By Erasmo Calzadilla
I have etched in my mind an image that I’ve seen a lot on TV and in the movies. It’s one of how people look for work in those countries where those series and movies come from: the job seeker opens up a newspaper full of offers and begins circling those that might suit them.
I should clarify for any apprehensive readers that I’m quite familiar with the serious difficulties of getting work in those countries where this “sophisticated” technique of publishing vacant positions in the newspaper is applied.
I raise this right now since I’m going through that phase of having to find a new job. This is because I was fired by the university for teaching – according to the administration – a philosophy that did not concur with the program that emanates from the Central Committee of the Communist Party (in their own words).
Presently I spend my days tramping across the city and making inquiries without finding a single opening that’s worth the while, hence my sudden recollection of those old films and those ads in the papers – particularly since such a custom barely exists here.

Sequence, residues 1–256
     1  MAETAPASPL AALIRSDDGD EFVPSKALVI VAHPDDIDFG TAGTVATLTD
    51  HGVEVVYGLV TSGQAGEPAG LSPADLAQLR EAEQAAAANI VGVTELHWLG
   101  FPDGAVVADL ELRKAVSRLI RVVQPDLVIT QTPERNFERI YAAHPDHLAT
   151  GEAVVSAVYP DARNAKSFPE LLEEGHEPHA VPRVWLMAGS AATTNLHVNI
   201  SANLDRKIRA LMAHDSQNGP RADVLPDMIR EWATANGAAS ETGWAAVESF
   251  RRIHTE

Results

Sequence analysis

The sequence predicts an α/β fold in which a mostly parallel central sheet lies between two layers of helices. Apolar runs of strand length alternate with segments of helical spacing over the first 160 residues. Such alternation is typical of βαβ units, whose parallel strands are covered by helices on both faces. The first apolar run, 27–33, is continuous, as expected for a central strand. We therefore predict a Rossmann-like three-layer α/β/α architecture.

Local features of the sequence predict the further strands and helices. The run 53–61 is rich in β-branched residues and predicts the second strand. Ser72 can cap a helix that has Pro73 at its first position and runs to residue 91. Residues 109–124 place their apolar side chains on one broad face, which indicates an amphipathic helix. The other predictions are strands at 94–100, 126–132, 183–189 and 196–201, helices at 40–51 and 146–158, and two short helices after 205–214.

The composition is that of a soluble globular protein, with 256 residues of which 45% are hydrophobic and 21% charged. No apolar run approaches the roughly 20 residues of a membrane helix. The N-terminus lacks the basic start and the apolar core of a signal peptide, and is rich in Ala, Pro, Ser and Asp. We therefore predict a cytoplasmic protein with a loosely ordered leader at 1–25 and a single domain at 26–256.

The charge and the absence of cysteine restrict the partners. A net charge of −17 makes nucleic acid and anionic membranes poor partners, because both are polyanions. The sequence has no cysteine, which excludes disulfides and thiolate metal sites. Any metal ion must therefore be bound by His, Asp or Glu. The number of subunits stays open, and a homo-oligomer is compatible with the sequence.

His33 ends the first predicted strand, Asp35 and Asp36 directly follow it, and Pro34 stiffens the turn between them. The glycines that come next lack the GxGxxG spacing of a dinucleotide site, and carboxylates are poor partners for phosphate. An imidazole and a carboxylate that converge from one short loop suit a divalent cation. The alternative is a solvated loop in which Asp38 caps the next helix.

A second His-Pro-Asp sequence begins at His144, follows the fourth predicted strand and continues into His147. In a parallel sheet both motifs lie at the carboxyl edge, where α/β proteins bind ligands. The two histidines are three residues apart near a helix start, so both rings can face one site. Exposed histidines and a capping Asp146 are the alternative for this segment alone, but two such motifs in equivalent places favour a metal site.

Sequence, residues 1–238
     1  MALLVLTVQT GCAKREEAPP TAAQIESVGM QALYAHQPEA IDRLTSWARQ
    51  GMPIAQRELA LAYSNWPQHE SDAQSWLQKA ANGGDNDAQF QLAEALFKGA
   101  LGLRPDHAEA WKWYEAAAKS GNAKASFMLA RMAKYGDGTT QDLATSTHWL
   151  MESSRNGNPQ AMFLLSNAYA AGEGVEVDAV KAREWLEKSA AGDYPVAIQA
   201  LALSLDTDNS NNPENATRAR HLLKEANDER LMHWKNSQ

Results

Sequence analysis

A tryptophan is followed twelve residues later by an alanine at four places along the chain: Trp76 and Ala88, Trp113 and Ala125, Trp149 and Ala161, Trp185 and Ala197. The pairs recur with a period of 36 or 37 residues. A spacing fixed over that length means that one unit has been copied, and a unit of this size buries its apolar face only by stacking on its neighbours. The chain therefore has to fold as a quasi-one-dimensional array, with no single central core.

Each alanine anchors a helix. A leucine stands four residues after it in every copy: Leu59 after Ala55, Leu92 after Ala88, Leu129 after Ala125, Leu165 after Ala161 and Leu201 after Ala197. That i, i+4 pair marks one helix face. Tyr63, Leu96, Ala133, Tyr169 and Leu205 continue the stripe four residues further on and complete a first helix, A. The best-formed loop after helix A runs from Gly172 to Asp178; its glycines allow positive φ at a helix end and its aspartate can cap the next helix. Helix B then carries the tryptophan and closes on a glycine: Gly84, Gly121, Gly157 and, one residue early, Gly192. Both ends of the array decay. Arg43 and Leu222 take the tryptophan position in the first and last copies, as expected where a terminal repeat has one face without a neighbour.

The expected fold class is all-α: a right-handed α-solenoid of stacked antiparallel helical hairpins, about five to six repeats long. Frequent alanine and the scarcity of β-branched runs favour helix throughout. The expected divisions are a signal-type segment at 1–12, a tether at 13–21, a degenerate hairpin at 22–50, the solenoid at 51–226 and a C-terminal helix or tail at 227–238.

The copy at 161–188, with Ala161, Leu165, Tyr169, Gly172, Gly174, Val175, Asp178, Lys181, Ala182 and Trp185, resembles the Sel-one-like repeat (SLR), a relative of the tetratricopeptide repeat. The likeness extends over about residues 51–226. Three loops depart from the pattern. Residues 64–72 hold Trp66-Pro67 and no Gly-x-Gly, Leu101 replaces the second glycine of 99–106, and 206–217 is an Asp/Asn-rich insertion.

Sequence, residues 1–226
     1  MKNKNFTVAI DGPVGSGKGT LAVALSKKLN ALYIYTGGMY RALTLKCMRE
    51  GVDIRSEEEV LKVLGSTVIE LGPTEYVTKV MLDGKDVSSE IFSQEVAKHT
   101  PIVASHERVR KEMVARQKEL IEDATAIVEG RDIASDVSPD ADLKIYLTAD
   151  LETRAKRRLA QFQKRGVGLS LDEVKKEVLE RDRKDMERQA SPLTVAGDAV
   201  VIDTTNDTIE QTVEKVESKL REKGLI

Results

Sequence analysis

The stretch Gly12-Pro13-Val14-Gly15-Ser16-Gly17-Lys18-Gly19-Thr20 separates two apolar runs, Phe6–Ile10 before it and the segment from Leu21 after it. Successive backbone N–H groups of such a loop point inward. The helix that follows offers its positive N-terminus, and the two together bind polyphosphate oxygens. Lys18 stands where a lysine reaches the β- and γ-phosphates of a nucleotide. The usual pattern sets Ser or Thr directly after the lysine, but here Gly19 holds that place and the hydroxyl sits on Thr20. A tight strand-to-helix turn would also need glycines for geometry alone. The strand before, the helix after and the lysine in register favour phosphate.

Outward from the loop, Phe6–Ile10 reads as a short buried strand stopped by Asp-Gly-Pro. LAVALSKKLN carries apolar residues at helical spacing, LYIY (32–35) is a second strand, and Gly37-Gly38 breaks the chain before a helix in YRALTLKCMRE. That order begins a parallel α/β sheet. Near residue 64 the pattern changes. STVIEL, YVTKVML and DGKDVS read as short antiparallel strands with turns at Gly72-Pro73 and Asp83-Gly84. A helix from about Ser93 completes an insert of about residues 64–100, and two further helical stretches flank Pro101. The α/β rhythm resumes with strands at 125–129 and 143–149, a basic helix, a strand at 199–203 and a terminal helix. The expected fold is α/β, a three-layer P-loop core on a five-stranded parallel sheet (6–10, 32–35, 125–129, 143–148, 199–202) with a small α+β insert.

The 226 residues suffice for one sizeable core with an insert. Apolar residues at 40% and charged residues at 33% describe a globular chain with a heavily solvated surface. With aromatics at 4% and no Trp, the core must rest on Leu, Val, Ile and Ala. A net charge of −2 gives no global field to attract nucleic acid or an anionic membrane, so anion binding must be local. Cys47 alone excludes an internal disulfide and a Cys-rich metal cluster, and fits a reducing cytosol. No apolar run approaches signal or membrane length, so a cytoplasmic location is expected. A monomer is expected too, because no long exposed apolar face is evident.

In Cuba, if somebody is looking for a job that’s worth it, a descent one where they pay you at least enough to survive, there are two paths: either you get in touch with all your friends – especially the powerful ones – to see if someone can get you in, or you go from door to door to each workplace asking about openings, which is the craziest approach in the world, in addition to being the most exasperating and inefficient.
I’m not one to jump to conclusions, but I now suspect that the absence of this practice of publicizing vacant positions, which would make the life of job seekers that much easier, is a situation that is promoted – or at least not combated – by the bureaucracy, perhaps to keep the best positions for themselves.
I have nothing else left to think, because I don’t believe that it’s such a difficult demand, here, where control is total, that it be mandatory for each vacant position to be published, at least at the provincial level, before being filled by anyone. It’s not that there is insufficient paper and resources, because we already even have publications with the programming of cinemas and theaters.
To be fair, I admit that neighborhood social workers do indeed find positions for the unemployed, but from what I’ve been able to witness with my very own eyes, these are the kinds of jobs that absolutely no one wants to take.